Chemical Sciences Seminars
Modulation of emission signaling pathway through allosteric control on the conformational rigidity of coumarin-imidazole conjugate
by Prof. Debdas Ray (Department of Chemistry, Shiv Nadar University, UP)
Monday, July 17, 2017 from to (Asia/Kolkata)
The allosteric regulation in the biological system is controlled at the molecular level by recognition events that are triggered by subtle conformational changes of the proteins.1 Although it is very challenging to mimic such complex communication pathways, one can still be inspired by these systems and design prototype that can give into fundamentals of molecular recognition2 in physiological environments. There seems to be a significant lag in the area of chemically controlled conformational switches that modulate new fluorescence signaling pathway through allostery; bridging this gap may lead to novel molecular systems. The design of such molecular systems represents a promising avenue for finding and manipulating allosteric networks3 in the biology.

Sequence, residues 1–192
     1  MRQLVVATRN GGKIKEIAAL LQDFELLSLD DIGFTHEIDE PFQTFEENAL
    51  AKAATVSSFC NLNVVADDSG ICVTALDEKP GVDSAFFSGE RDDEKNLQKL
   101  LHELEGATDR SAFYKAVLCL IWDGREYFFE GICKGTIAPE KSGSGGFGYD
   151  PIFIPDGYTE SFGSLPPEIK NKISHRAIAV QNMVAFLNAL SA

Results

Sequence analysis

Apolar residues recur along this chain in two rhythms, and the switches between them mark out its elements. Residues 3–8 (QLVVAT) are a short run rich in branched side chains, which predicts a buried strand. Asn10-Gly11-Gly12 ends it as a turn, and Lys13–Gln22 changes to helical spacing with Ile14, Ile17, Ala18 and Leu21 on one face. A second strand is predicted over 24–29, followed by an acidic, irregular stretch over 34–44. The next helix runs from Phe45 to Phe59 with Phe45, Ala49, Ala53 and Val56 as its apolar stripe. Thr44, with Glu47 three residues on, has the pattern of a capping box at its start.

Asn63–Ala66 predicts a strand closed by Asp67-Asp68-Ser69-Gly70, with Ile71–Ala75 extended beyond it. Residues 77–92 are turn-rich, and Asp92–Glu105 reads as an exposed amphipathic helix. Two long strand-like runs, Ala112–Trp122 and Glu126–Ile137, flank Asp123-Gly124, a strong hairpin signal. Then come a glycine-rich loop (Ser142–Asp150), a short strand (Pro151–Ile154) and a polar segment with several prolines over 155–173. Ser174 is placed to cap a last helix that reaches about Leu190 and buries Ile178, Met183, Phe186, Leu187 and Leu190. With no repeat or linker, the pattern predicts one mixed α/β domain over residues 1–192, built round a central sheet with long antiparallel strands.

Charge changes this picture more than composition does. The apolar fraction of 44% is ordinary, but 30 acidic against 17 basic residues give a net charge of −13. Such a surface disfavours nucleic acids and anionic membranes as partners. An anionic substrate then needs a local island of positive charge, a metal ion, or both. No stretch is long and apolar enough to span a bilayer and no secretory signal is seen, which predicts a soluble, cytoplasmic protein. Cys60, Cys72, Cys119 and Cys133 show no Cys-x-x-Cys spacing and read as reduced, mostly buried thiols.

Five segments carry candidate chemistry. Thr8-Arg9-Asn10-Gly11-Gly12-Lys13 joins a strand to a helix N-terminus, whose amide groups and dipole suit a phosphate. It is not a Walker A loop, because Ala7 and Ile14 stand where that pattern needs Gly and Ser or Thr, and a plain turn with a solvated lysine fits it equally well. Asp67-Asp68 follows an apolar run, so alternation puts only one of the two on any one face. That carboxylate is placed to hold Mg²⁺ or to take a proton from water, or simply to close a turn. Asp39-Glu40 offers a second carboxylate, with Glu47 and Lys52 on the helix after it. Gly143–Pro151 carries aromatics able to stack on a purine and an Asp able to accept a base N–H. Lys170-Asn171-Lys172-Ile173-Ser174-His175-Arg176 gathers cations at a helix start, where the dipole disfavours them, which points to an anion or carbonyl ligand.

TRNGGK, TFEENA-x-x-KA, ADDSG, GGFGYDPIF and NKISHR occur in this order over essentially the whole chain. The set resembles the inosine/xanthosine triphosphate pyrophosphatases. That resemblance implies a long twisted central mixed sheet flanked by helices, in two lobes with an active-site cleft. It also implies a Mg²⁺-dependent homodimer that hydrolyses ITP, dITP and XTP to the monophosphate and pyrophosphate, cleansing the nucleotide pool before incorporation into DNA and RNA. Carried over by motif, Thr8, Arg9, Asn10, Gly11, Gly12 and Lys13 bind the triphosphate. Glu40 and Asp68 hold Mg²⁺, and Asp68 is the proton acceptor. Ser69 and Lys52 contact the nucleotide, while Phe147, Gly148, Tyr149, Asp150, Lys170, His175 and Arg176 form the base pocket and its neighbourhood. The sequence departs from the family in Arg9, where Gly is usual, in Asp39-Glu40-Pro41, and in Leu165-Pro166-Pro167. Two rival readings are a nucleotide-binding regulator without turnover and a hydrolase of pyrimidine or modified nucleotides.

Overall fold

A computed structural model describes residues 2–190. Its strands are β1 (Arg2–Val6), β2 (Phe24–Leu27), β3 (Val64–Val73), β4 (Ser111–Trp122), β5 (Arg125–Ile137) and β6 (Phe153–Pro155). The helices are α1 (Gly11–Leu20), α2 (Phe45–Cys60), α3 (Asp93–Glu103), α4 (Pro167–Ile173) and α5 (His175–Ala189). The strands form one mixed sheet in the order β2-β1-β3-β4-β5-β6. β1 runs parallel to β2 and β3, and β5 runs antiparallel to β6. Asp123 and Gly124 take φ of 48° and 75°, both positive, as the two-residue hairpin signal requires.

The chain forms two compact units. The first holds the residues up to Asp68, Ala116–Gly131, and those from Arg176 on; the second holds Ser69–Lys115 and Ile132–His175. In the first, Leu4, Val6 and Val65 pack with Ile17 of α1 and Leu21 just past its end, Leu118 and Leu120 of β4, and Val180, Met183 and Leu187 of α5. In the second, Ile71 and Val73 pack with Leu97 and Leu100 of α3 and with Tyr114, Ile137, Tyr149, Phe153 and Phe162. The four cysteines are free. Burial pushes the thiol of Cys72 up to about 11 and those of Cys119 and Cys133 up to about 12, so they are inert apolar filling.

In this presentation, I will discuss about a prototype based on coumarin-imidazole conjugate which undergo conformational changes through distal intramolecular H-bonding interactions.4 The key factor behind this conformational switching is a cooperative effect that involves coumarin side arm, solvents, and leads to a conformational or dynamic changes in the distal coumarin sidearm through intramolecular H-bonds, affecting its emission output function. So we hypothesized that the combination of distal intramolecular H-bond interactions and allostery results in the observed effects on the fluorescence output signaling pathway. The concept of new emission signaling pathways caused by conformational switching between two states offers a new paradigm to introduce functional allostery in macromolecular backbones.
1. (a) Monod, J.; Changeux, J.; Jacob, F. J. Mol. Biol. 1963, 6, 306-329. (b) Changeux, J. P. Ann. Rev.
Biophys. 2012, 41, 103-133.
2. (a) Mechanisms of cooperativity and allosteric regulation in proteins; University Press: Cambridge,
UK, 1990. (b) Laskowski, R. A.; Luscombe, N. M.; Swindells, M. B.; Thornton, J. M.
Protein Sci. 1996, 5, 2438-2452. (c) Faulkner, A.; Leeuwen, T. V.; Feringa, B. L.; Wezenberg, S. J. J.
Am. Chem. Soc. 2016, 138, 13597-13603.
3. Dokholyan, N. V. Chem. Rev. 2016, 116, 6463-6487.
4. Bhattacharjee, I.; Ghosh, N.; Raina, A.; Dasgupta, J.; Ray, D.- Manuscript under communication